Journal of Energy and Power Technology (JEPT) is an international peer-reviewed Open Access journal published quarterly online by LIDSEN Publishing Inc. This periodical is dedicated to providing a unique, peer-reviewed, multi-disciplinary platform for researchers, scientists and engineers in academia, research institutions, government agencies and industry. The journal is also of interest to technology developers, planners, policy makers and technical, economic and policy advisers to present their research results and findings.

Journal of Energy and Power Technology focuses on all aspects of energy and power. It publishes original research and review articles and also publishes Survey, Comments, Perspectives, Reviews, News & Views, Tutorial and Discussion Papers from experts in these fields to promote intuitive understanding of the state-of-the-art and technology trends. 

Main research areas include (but are not limited to):
Renewable energies (e.g. geothermal, solar, wind, hydro, tidal, wave, biomass) and grid connection impact
Energy harvesting devices
Energy storage
Hybrid/combined/integrated energy systems for multi-generation
Hydrogen energy 
Fuel cells
Nuclear energy
Energy economics and finance
Energy policy
Energy and environment
Energy conversion, conservation and management
Smart energy system

Power Generation - Conventional and Renewable
Power System Management
Power Transmission and Distribution
Smart Grid Technologies
Micro- and nano-energy systems and technologies
Power electronic
Biofuels and alternatives
High voltage and pulse power
Organic and inorganic photovoltaics
Batteries and supercapacitors

Archiving: full-text archived in CLOCKSS.

Rapid publication: manuscripts are peer-reviewed and a first decision provided to authors approximately 4.3 weeks after submission; acceptance to publication is undertaken in 6 days (median values for papers published in this journal in the first half of 2020, 1-2 days of FREE language polishing time is also included in this period).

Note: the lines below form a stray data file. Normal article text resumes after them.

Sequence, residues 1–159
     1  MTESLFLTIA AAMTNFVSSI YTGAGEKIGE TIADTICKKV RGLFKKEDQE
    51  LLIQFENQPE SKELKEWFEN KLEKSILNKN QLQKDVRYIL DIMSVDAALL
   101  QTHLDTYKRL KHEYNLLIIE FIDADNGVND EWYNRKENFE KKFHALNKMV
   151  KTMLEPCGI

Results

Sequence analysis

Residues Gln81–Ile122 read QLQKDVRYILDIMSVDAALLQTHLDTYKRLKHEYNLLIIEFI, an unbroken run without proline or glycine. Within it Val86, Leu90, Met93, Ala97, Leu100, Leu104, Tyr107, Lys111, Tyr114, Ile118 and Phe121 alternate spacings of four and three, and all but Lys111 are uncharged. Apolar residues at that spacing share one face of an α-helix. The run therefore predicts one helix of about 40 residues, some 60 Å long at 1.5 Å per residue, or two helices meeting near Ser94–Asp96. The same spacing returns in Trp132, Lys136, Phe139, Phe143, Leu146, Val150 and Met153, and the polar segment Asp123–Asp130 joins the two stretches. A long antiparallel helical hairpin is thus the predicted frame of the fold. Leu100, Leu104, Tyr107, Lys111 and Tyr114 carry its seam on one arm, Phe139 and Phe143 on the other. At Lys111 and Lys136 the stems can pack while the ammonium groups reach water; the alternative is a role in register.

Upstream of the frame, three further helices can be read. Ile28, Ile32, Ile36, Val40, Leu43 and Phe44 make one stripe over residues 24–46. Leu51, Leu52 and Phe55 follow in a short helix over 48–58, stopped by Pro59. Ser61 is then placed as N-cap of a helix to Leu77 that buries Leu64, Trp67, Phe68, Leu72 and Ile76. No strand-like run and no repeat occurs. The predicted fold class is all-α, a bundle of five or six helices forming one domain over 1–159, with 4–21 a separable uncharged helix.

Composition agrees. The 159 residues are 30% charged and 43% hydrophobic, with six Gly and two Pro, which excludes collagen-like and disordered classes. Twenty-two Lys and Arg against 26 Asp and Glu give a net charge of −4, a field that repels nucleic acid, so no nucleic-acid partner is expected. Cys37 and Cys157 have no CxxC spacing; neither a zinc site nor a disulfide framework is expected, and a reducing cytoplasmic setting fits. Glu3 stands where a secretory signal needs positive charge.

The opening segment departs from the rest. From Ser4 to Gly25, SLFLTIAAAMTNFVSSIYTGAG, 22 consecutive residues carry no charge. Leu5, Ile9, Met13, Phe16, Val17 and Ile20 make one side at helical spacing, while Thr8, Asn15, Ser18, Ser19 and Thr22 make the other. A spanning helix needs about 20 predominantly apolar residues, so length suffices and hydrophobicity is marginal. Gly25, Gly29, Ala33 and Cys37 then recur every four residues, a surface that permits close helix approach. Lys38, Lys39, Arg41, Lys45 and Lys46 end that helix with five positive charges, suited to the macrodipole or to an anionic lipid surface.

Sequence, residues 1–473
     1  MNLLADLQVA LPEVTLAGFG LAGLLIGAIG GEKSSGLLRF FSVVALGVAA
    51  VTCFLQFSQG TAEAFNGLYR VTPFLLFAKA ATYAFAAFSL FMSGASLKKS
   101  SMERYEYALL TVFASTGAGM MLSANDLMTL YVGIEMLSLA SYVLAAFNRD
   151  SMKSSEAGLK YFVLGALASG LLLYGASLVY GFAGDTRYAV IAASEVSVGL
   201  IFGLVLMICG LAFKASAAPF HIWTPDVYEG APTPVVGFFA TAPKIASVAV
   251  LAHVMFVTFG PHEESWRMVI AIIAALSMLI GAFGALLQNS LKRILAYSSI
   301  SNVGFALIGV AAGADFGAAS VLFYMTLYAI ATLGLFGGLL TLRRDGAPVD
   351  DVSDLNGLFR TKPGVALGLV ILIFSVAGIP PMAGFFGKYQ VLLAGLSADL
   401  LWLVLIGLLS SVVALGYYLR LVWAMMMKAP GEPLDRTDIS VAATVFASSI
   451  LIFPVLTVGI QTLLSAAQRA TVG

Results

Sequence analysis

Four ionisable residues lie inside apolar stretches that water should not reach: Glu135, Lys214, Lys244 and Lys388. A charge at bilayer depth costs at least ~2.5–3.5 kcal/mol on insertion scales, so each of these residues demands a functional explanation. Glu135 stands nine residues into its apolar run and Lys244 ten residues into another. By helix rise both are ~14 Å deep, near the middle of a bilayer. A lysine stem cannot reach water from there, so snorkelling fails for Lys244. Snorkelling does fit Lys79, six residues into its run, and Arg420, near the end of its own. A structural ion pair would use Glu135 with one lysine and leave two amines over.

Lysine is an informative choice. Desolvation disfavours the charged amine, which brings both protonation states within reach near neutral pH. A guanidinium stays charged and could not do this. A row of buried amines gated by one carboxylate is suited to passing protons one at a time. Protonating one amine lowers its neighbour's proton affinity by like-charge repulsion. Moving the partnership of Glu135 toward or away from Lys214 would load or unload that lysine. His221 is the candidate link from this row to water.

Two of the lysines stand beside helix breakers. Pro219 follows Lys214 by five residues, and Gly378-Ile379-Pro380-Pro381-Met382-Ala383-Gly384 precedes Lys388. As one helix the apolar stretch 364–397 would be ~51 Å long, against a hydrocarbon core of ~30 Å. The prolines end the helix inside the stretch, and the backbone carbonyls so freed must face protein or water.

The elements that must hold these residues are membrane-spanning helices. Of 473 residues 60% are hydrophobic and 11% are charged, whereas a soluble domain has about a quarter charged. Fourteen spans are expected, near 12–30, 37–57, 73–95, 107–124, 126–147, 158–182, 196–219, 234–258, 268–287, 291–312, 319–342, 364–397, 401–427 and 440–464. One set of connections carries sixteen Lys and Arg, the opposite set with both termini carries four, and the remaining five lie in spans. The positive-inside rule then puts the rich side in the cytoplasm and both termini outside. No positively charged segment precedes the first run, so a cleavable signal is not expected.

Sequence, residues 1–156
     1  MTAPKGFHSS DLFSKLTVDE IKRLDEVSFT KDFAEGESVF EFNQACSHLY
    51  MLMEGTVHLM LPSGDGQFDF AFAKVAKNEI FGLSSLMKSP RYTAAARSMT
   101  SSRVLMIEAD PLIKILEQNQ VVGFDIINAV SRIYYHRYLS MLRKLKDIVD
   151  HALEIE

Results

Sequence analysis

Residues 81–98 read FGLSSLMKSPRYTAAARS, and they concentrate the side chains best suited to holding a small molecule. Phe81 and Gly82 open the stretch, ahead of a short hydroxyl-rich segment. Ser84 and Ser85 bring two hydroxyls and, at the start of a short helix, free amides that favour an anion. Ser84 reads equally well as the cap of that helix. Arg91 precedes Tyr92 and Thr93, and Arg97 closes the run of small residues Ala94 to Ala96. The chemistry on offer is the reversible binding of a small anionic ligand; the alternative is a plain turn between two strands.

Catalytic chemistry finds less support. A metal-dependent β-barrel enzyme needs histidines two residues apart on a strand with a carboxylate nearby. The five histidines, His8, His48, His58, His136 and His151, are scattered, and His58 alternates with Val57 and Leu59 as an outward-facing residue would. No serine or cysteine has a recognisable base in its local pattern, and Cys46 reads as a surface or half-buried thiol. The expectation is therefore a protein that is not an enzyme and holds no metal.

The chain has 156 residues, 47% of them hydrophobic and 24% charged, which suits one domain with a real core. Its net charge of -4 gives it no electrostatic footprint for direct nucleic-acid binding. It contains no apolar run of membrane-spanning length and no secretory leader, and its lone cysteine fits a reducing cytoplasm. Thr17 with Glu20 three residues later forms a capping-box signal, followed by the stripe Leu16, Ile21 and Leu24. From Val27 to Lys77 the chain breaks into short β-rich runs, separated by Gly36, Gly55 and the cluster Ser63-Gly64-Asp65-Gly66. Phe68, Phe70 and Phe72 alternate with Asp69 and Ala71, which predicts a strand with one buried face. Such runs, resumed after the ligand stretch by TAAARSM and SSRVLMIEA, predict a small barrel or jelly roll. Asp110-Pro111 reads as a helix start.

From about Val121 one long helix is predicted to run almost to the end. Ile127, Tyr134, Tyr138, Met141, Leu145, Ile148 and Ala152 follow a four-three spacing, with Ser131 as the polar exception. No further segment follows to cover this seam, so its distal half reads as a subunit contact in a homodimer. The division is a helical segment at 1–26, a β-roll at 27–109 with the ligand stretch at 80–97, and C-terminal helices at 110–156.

Current Issue: 2021  Archive: 2020 2019

Special Issue

Renewable Energy in Marine Environment

Submission Deadline: September 30, 2020 (Open) Submit Now


Manuscripts should be submitted online at by registering and logging in to this website. Once you are registered, click here to go to the submission form. Manuscripts can be submitted until the deadline. Papers will be published continuously (as soon as accepted) and will be listed together on the special issue website. Research articles, review articles as well as communications are invited. For planned papers, a title and short abstract (about 100 words) can be sent to the Editorial Office for announcement on this website. Submitted manuscripts should not have been published previously, nor be under consideration for publication elsewhere (except conference proceedings papers). All manuscripts are refereed through a peer-review process. Guidelines for authors and other relevant information for submission of manuscripts are available on the Instructions for Authors page. Journal of Energy and Power Technology is an international peer-reviewed Open Access monthly journal published by LIDSEN. Please visit the Instructions for Authors page before submitting a manuscript.

Planned Papers